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Selling eggs, meat, and poultry in North Carolina: What farmers need to know

By Debbie Roos, Agricultural Extension Agent
Posted Thursday, October 30, 2008

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Pittsboro, NC - Farmers who sell meat, poultry, and eggs in North Carolina must comply with state and federal laws designed to ensure that meat and poultry products sent into commerce are wholesome, unadulterated, and properly labeled. The North Carolina Department of Agriculture and Consumer Services (NCDA&CS) enforces these laws.


Farmers wishing to sell eggs should be familiar with the North Carolina Egg Law. The Egg Law addresses labeling, standards, invoices, advertisement, displays, sanitation, and marketing.

Eggs that are for sale must be clean (not necessarily washed, but clean).

Anyone selling more than 30 dozen eggs per week must grade the eggs and label cartons with the grade. Eggs are graded based on federal quality standards. See the United States Standards, Grades, and Weight Classes for Shell Eggs for guidelines.

The eggs must be refrigerated to 45° F or less after gathering. Do not allow them to freeze.

Egg Cartons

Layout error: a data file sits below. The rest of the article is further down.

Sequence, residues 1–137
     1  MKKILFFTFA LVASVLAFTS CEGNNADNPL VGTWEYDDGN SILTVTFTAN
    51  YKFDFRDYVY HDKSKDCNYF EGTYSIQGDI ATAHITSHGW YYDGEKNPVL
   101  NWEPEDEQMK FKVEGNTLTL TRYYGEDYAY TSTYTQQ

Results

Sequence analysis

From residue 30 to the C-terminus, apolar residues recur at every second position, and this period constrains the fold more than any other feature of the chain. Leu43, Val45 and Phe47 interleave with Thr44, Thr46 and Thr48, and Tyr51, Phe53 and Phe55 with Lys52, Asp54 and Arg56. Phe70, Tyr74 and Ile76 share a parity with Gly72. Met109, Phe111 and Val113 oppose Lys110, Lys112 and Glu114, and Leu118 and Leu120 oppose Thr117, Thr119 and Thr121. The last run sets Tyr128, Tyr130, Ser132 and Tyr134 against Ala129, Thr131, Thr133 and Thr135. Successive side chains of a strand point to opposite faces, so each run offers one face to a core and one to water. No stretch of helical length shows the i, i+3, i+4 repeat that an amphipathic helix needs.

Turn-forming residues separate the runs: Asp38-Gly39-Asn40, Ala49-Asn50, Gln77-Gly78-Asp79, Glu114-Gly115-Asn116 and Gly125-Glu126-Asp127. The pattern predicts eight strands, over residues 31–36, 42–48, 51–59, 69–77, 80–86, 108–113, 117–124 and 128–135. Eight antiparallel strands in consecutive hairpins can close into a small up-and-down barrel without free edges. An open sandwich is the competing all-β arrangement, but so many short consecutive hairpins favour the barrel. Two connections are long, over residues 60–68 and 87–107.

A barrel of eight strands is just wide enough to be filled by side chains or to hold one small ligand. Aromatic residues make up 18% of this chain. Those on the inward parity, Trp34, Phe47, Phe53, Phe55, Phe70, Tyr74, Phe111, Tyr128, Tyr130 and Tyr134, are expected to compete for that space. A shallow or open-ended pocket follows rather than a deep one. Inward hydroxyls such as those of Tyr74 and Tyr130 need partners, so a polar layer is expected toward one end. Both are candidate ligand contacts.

The Egg Law does not require that eggs be sold in new cartons. Re-used cartons must be "clean, unbroken and free of foreign odor". Any incorrect information on a re-used carton must be marked through.

Carton Label Requirements
The carton label must include the consumer grade, applicable size (based on weight), the word "eggs", the number of eggs, and the name and address of the producer. If eggs are not separated according to size, they should be labeled as "mixed size".

The eggs can only be labeled as "fresh" if they meet the Grade A or AA Standard.

Any sign used to promote the sale of eggs that includes a price must also include the grade. If the eggs are ungraded, the farmer must put "ungraded eggs" on the sign.

Sales to Restaurants and Grocery Retailers
The supplier must furnish an invoice showing the quantity, size, the word "eggs", the grade, and the farmer's name and address. This invoice must be kept at the restaurant or store for a minimum of 30 days. This also applies to farmers' market sales. Farmers must keep a running log of the total number of eggs sold each market day.